Lappeenranta airport in Finland is a small provincial airport located near the border of Russia and offers a low-cost alternative to Pulkovo Airport. It has become popular among Russian travellers, because it offers low-cost flights to Central Europe and is quite small airport not having the rush problems of bigger airports.
There is a local bus connection number 4 from center of Lappeenranta to the airport. It serves once an hour. See more information from Lappeenranta local transport timetables .
Direct coach connection from Lappeenranta to Saint Petersburg leaves from railway station of Lappeenranta and the duration is about 6 hours. More information from Matkahuolto .
Connection buses from Lappeenranta to Vainikkala railway station offer possibility to use a train from Lappeenranta to Saint Petersburg. Connection bus travel time between Lappeenranta City and Vainikkala is 30 minutes and train travel time between Vainikkala and Saint Petersburg is 1,5 hours. Train timetables can be found from VR . You can find connection bus timetables from Lappeenranta city web site  or Matkahuolto .
Saint Petersburg is a major rail hub. The 3.5-hour train ride from Helsinki (Finland) is one of the most comfortable ways to reach the city. Trains also connect to destinations in the Baltics and Central Europe. Alternatively, you can head inland to Moscow.
There are five principal stations:
- Moscovskii Station (Московский вокзал): for Moscow, Novgorod, Ukraine, Azerbaijan, Volgograd, Kazan, Samara, Rostov-na-Donu, Ufa, Sochi and others cities. Metro: Ploshchad Vosstaniya (closer) and Mayakovskaya.
- Vitebskii Station (Витебский вокзал): for Pushkin (formerly Tsarskoe Selo), Pavlovsk, Belarus, the Czech Republic, Hungary, Poland, Ukraine, Romania, Moldova, Bulgaria, Germany, Lithuania, Latvia, Estonia . Metro: Pushkinskaya.
- Baltiskii Station (Балтийский вокзал): for Petrodvorets (Peterhof), Lomonosov (Oranienbaum), Gatchina, Luga. Also used by trains to/from Aeroport station, with connecting buses to the airport. Metro: Baltiiskaya.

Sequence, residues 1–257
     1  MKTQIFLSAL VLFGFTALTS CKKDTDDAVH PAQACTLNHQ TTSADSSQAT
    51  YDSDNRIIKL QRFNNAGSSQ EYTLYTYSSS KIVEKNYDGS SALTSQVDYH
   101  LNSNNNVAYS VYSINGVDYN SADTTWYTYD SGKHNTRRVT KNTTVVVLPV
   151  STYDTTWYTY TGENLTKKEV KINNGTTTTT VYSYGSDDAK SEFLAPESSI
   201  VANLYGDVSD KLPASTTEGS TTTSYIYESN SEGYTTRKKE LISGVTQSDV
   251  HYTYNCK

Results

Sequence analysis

- Ladozhskii Station (Ладожский вокзал): For various destinations including Murmansk, Ekaterinburg, Cheliabinsk, Omsk, Novosibirsk, Astana (Kazakhstan), Helsinki (night-train Leo Tolstoi). Metro: Ladozhskaya.
- Finliandskii Station (Финляндский вокзал): Now used again for high speed passenger trains Allegro to Helsinki in Finland. Also trains to Vyborg. Metro: Ploschad Lenina.
Note: Varshavskii Station (Варшавский вокзал) is now closed, trains to/from Poland arrive at the Baltic or Vitebsk Stations.
Until recently, you could only buy a ticket for a Russian train at a train station, but now you can purchase an electronic train ticket.
The Finnish VR Group provides excellent information on train travel from Finland to St Petersburg . Now operated with slick new high-speed Allegro trains running at up to 220 km/h, there are four daily departures from Helsinki at 06:12, 10:00, 15:00 and 19:00. Tickets can be purchased through some travel agencies and at major VR  train stations in Finland. Tickets are also available for purchase in the VR Online Shop . Border crossing formalities start immediately after departure from Helsinki. On board currency exchange is available. Train is the most expensive way of travel between Helsinki and Saint Petersburg, but the early morning train is a relative bargain at 43€.
The easiest way to get between downtown Moscow and St.Petersburg's heart is by a Sapsan high-speed train. The ride takes between 3h 45min and 4h 45min, there are 6 daily departures in both directions, some trains stop at Tver and a few more intermediate stations. This train boasts a full English-speaking crew. Ticket prices are within 2500 and 3500 roubles for second-class accommodation.
There are as well numerous overnight trains linking the two cities in 7–8 hours, up to two dozen departures daily. Price and comfort levels vary, with the luxurious private Grand-Express "hotel train" (featuring even some room-sized compartments for two equipped with a shower!) at the high end, all the way down to budget connections in third-class platzkart or even seating-only cars. Second-class coupe coaches are most recommended, with the fare generally under 2000 roubles. Lower class tickets may save you half the price or more, if you are prepared for such travel conditions.
See general information about Russian trains for more details.